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Album Review: Kasey Chambers – Bittersweet

3 min read

Beloved Australian singer/songwriter and renowned storyteller Kasey Chambers returns to release her highly anticipated seventh solo studio album Bittersweet; her first venture without her brother Nash Chambers on production duties, which is already one huge step out of the singer’s comfort zone. Admirably, Bittersweet was recorded live in the studio over a minimal seven days in April this year, and we expect nothing less of a decent album from a ten time APRA Award winner, 10 time ARIA award winner, 20 time Golden Guitar winner…you get it. Kasey worked with a stellar line up when writing/recording the new album, consisting of; Powderfinger’s Bernard Fanning, Ashleigh Dallas, Bill Chambers, Dan Kelly, Declan Kelly and Matthew Engelbrecht.

Kasey Chambers BittersweetThe banjo sets the folky tone of Oh Grace, and as per usual with a Kasey Chambers song we are graced by some wonderful melodies and harmonies. The beginning of Is God Real introduces a track with a sound not often heard from the singer, it’s the closest to pop she has been since her work on Carnival; it is a subtle track asking big questions about a higher power, it doesn’t contain the strongest vocal work delivered but the concept of the track impacts instead. Lead single Wheelbarrow is introduced and arranged with an edginess worthy of a stand alone release, the gritty vocals and messiness of the various instruments being played creates this dynamic work of art someone only of Kasey’s calibre could pull off; the acoustic guitar drives the mellow I Would Do, that touching ‘I would do anything for you’ track many a songwriter lays down. Hell Of A Way To Go opens with smooth but punchy electric guitar riff that is memorable, the melody line allows for Kasey to deliver her vocal and lyrics with her trademark belty twang in the catchiest of ways.

House On A Hill demonstrates Chambers’ knack for storytelling through a down tempo composition, the perfect way to do this is to draw focus on the vocal and this is done sufficiently to tell the tale; she also manages to do this in the opposite manner, Stalker is one of the most faster pieces of country/folk on the album with a killer part for the banjo and the electric guitar to play. Kasey goes cliche and questions life after death for the liars of the world, whether it would be Heaven Or Hell, another catchy banjo driven folk number; Bernard Fanning takes on lead vocals/backing vocals/piano/acoustic guitar duties in the title-track Bittersweet, it is a pretty little number where the vocals compliment each other and the instrumentation is wondrous. Too Late To Save Me tells the story of a woman whose reputation precedes her, with the help of Kasey’s stronger vocal style, the return of the banjo and that awesome electric guitar. Christmas Day is a sentimental take on the real meaning of that special time of year, and I’m Alive is a lively track driven by the energetic harmonica, acoustic guitar and the punchy vocal.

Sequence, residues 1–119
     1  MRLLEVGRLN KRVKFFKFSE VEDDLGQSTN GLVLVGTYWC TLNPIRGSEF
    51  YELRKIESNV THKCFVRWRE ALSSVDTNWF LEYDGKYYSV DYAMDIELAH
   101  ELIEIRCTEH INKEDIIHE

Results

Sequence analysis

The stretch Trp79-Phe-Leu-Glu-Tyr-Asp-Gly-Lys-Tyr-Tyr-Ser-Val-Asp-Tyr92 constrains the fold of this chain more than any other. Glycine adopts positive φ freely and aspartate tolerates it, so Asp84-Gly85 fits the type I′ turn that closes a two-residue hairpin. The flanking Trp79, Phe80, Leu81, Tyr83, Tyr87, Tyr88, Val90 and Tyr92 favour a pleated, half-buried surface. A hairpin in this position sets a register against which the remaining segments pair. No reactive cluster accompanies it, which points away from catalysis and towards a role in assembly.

Bittersweet is the the perfect title best fit to describe the sound Kasey Chambers has gone for the record; there’s the gritty country girl she’s known for along with elements of rock and folk, with enough sentimentality to balance it all out. Again Kasey has managed to deliver an album that is well written, wonderfully recorded and humbly delivered; there’s not an ounce of question as to why she is an award winning artist, songwriting is her speciality and Australis should be proud of her abilities. Just like the rest of her albums over her 15 year long career, Bittersweet does not fall shortand leaves you yearning for more